Monday, 25 February 2013

EXOTIC FLOWERS



EXOTIC FLOWERS

Every gardener loves a challenge. Growing normal flowers, fruit and vegetables can be challenging enough with our unpredictable weather, but with so much talk about global warming it does tempt you to go beyond the normal and see what we can do with a few exotics. A wide range of exotic plants can now be found in most garden centres, so push the boat out and give some a try.
Way back in my apprenticeship days we only had a very limited range and most of them were under glass at Camperdown, such as bananas, bougainvilleas, canna, gardenias, clivias, passion fruit and some small fruited oranges. Outdoors we grew eucalyptus, caster oil plants and cordylines as summer dot plants for flower beds.
Today the range is extended to include Angel trumpets, the Tuberose, Spider lilies, and the white ginger lily. Some plants such as the Pineapple broom Cytisus battandieri, the New Zealand tea tree Leptospermum and the African Lily Agapanthus will grow fine outdoors all year round, but will die out if the winters get too cold.
There are very many more and most will either need a glasshouse for protection, a warm south facing wall, and others are quite hardy in the summer months but require to be brought indoors for the winter.
Several years ago mild winters were becoming normal for about ten years in a row, snow was a rarity unless you went up north and we all started to try a few less hardy plants. Eucalyptus, Cordyline australis palms, the date palm Phoenix dactylifera, Blue African lilies, the Pineapple broom and Leptospermum Red Damask all got planted in my garden and put on fantastic growth and a great show of flowers on some.
A passion fruit climber was planted beside my climbing rose Dublin Bay not really expecting it to grow. It just loved it and within two years it was in flower, growing wildly and threatening to take over my climbing rose.
Then in 2010, winter returned, temperatures plunged and stayed low for ages. In spring after the snows melted the damage was severe. Everything died out except the Eucalyptus, though it did lose a few leaves. Now we are in a mild wet cycle and know one knows how long this will last.
Exotics are now either kept in the greenhouse, at home in a light warm room or grown outdoors in the summer only.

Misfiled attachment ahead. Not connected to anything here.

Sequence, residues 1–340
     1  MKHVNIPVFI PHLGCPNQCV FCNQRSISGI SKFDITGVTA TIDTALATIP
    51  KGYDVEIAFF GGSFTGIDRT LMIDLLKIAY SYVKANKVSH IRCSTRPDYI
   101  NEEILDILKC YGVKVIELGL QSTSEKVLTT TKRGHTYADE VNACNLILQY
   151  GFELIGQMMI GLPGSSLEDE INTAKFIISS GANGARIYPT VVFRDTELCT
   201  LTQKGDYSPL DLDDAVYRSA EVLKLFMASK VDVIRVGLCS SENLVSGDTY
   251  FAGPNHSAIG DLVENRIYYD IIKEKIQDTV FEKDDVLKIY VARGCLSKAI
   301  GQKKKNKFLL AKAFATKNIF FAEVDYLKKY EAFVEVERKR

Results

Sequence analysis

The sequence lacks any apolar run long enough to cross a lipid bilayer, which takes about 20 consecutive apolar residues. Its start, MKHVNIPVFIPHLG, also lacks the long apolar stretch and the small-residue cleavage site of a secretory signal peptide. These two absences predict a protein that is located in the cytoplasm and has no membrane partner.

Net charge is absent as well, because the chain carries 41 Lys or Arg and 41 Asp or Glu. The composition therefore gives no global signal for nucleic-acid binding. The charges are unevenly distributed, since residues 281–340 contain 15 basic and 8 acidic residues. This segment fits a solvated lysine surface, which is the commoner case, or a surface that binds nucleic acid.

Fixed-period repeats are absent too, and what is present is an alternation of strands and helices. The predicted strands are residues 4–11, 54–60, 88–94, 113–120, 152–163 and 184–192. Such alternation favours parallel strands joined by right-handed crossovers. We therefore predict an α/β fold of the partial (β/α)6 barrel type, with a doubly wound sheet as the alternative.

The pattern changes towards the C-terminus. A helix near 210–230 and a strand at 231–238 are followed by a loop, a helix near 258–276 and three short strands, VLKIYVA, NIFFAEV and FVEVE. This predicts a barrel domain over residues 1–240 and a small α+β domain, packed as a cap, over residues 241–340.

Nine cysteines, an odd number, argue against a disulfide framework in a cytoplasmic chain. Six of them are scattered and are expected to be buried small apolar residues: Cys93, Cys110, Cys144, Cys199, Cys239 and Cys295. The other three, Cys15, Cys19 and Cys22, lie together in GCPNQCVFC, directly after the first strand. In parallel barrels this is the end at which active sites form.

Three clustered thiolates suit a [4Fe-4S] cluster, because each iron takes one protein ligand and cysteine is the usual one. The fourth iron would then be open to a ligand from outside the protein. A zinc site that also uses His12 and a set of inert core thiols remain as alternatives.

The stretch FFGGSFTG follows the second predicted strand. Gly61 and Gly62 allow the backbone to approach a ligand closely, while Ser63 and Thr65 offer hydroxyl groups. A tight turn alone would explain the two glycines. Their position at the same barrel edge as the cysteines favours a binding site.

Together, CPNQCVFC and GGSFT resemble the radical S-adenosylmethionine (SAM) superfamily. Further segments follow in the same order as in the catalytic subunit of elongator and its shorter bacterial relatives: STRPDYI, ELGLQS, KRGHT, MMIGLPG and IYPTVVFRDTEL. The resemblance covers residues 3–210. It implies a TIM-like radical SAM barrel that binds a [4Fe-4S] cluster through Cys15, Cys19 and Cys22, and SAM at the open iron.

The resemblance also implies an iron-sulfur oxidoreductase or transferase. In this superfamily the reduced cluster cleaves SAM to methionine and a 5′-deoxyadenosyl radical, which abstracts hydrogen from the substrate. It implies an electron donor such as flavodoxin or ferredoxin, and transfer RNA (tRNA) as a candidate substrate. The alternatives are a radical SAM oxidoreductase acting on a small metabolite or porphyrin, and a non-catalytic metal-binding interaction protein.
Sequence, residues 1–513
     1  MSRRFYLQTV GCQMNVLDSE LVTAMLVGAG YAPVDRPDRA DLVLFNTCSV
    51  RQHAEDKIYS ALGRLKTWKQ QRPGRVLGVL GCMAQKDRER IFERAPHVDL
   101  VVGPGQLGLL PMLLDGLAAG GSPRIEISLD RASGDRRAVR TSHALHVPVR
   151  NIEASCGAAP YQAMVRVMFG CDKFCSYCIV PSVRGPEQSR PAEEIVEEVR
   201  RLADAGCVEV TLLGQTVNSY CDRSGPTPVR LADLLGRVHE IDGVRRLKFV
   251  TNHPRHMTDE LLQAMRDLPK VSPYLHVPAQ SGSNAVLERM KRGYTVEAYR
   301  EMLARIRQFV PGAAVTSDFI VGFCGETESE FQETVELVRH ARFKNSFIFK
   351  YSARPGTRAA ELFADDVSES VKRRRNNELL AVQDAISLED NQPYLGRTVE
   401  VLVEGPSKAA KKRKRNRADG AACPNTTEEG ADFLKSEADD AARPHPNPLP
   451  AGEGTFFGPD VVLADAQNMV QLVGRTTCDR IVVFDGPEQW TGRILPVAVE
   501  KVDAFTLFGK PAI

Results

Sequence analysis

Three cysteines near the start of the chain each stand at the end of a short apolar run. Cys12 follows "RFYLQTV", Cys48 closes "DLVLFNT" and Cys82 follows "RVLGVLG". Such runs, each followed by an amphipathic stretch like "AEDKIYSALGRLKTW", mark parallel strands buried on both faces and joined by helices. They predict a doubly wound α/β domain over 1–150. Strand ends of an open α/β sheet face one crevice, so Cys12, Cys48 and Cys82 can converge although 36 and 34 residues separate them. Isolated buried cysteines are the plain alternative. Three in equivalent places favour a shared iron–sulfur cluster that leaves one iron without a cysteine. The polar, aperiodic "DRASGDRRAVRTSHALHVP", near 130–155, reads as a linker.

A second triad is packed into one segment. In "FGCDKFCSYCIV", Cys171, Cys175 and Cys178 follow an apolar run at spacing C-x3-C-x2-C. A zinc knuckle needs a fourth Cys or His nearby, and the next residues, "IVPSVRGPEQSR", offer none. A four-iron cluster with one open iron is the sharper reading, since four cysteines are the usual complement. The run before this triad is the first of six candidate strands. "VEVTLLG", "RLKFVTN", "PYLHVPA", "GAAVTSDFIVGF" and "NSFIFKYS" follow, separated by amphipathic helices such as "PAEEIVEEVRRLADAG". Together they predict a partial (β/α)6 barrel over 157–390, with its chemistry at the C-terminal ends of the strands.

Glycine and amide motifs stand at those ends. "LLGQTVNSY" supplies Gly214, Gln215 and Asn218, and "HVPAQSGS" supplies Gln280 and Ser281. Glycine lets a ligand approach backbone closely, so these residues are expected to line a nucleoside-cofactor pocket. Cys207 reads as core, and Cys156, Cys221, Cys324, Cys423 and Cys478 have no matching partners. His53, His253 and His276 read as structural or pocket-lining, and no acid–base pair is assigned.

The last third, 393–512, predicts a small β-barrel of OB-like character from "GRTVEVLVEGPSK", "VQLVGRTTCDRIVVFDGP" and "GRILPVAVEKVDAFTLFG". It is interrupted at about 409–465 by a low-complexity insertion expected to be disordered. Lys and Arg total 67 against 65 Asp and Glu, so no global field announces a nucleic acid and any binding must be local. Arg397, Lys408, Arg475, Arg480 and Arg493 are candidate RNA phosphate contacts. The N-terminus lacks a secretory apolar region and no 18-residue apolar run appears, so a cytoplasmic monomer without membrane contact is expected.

Indoor exotics

Three plants worth trying are the tuberose known as Polianthes tuberose, the white ginger lily, Hedychium coronarium and the Peruvian daffodil or spider lily, Ismene festalis and sometimes called Hymenocallis festalis. All of these tender plants have highly scented white flowers.
They all need to be potted into a rich free draining compost and grown in a warm light room or heated glasshouse. Keep watered and feed fortnightly and in late summer you should be enjoying their powerful white scented flowers. The tuberose is difficult to flower in its second year unless you can get several weeks of good growth after flowering to build up the bulb for overwintering.
The lilies are easier and should be dried off for overwintering in their pots.

Outdoor exotics

Angel Trumpets, known as Brugmansias and Indian Shot known as Canna can both be planted outdoors to flower in the summer months. Grow similarly as the indoor exotics but harden off and plant out in May in beds or tubs. Angel Trumpets flowers give off their fantastic scent in late evenings to attract night flying moths for pollination. They are perfect on a patio on a warm summers evening. Canna can be grown for its exotic foliage and flowers in a flower bed or tub. Both should be dug up in autumn, and kept fairly dry, but not too dry and keep in a frost free place.
I have had Canna overwinter perfectly fine in a dryish border, after I forgot to lift them in autumn, but the next year they grew and flowered quite happily. However that winter was mild.

Plant of the week

Crocus species are distinctly different from the large flowered hybrids in that they usually flower about two weeks earlier. The flowers may be smaller but they naturalise so easily that they readily create large bold drifts of colour. They are perfect amongst deciduous shrubs flowering in late February to early March before the shrubs have any leaves. There are numerous species, but my favourites all belong to just three main types. Crocus chrysanthus gives us the pastel coloured Cream Beauty and Blue Pearl, the pure white Snowbunting and the deep yellow Zwanenburg Bronze. The best Crocus sieberi are the lilac Firefly and the white Bowles White. Crocus tommasinianus is itself a very attractive lavender, and Ruby Giant is a very bold reddish purple.
They are always better planted in full sun otherwise the flowers may not open up fully.

END

No comments:

Post a comment